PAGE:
The Royal College of Emergency Medicine (RCEM) has sold all fossil fuel investments formerly held in its £1.3m portfolio. It joins a growing list of global healthcare institution divestments worth £274m.
RCEM’s decision was made on the of back ever-growing concerns about the impact of fossil fuels on human and planetary health. Just 100 fossil fuel companies have been responsible for over 70% of greenhouse gas emissions since 1988.
Air pollution, to which the fossil fuel industry is a major contributor, claims approximately 7 million lives per year, similar to the number of deaths per year due to tobacco.
Gordon Miles, CEO of the RCEM, said:
“The Royal College of Emergency Medicine is proud to mark London Climate Action Week by joining the institutions taking action against climate change by divesting of its holdings in fossil fuel companies.
We call on all asset owners to consider carefully selling their fossil fuel shares and including sustainable companies or indexes into their long-term investment strategies”.
Other UK healthcare organisations that have divested include the British Psychological Society, The Royal College of General Practitioners and the Faculty of Public Health.
The fossil fuel industry has over five times more fossil fuels in its proven reserves than can be burned if we are to prevent catastrophic climate change. Despite this, the industry continues to explore for even more fossil fuels; its business plans are incompatible with maintaining a planet that is safe for humanity.
Dr Zoe Steley, a Medact member and Emergency Medicine (EM) registrar said:
“The climate crisis, fuelled by the fossil fuel industry, has brought us to the point of a public health emergency – so it is very fitting for us, as emergency medicine practitioners, to be taking this action
I’m thrilled that RCEM have taken institutional initiative and are showing climate leadership. In A+E, our job is to triage, prioritise and be caring in a pragmatic and decisive way. Divesting from fossil fuel companies lines up with this ethos.”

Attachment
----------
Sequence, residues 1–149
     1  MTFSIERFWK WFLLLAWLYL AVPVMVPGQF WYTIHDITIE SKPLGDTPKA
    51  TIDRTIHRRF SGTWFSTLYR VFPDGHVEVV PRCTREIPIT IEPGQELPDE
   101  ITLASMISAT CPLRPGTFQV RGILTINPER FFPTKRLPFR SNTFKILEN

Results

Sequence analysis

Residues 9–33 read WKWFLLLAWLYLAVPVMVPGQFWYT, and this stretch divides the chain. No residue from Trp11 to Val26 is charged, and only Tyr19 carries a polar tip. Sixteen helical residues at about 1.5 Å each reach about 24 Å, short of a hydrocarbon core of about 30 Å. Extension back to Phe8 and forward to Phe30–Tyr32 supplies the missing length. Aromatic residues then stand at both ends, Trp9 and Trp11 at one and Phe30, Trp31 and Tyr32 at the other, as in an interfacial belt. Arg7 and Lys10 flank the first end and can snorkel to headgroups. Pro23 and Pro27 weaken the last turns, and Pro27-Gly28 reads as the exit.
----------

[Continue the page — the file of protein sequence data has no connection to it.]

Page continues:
Dr Michael Trauer, Medact member and a fellow of the Royal College of Emergency Medicine said;
“The fossil fuel industry is doing untold damage to human health; not only through its contribution to climate change but also through air pollution and the direct health impacts of fossil fuel extraction.
Much of this extraction happens in the global South, against the wishes of local communities. Meanwhile the profits from fossil fuel extraction are concentrated in the global North. The fossil fuel industry is the ultimate multiplier of global health inequities”
To meet the Paris climate goals, the UN PRI finds that a $12.1 trillion investment in new renewable power generation is required, or $485bn per year on average. The “gap” between meeting this challenge and current investment forecasts is $5.2 trillion, or $208bn per year over 25 years.
Dr Deirdre Duff, Fossil Free Health campaigner with public health charity, Medact, said,
“By divesting from fossil fuels, the Royal College of Emergency Medicine is recognising that gas, oil and coal companies are dangerous, rogue companies that must be curtailed if we are to protect human health.
It’s exciting to see more and more healthcare organisations divesting from fossil fuels – it is no longer tenable to promote human health while investing in an industry that is driving health destruction.”
Fossil fuel divestment is a crucial tool for the healthcare community to use in the fight against climate change. Divestment erodes the fossil fuel industry’s social license and weakens its political power. This helps create conditions that are more amenable to the introduction of legislation to restrict fossil fuels and accelerate the transition to renewable energy. Divestment now presents a material risk to the fossil fuel industry and is making it more difficult for companies to raise capital for new fossil fuel projects.
She leads Medact's work on the Fossil Free Health campaign.
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